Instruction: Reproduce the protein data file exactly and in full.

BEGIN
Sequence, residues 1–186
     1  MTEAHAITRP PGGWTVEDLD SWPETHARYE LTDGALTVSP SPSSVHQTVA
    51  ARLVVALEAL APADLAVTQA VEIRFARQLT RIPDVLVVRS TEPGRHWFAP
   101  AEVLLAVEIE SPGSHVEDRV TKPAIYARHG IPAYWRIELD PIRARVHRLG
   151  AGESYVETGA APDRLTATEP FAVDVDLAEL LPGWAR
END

Sequence, residues 1–186
     1  MTEAHAITRP PGGWTVEDLD SWPETHARYE LTDGALTVSP SPSSVHQTVA
    51  ARLVVALEAL APADLAVTQA VEIRFARQLT RIPDVLVVRS TEPGRHWFAP
   101  AEVLLAVEIE SPGSHVEDRV TKPAIYARHG IPAYWRIELD PIRARVHRLG
   151  AGESYVETGA APDRLTATEP FAVDVDLAEL LPGWAR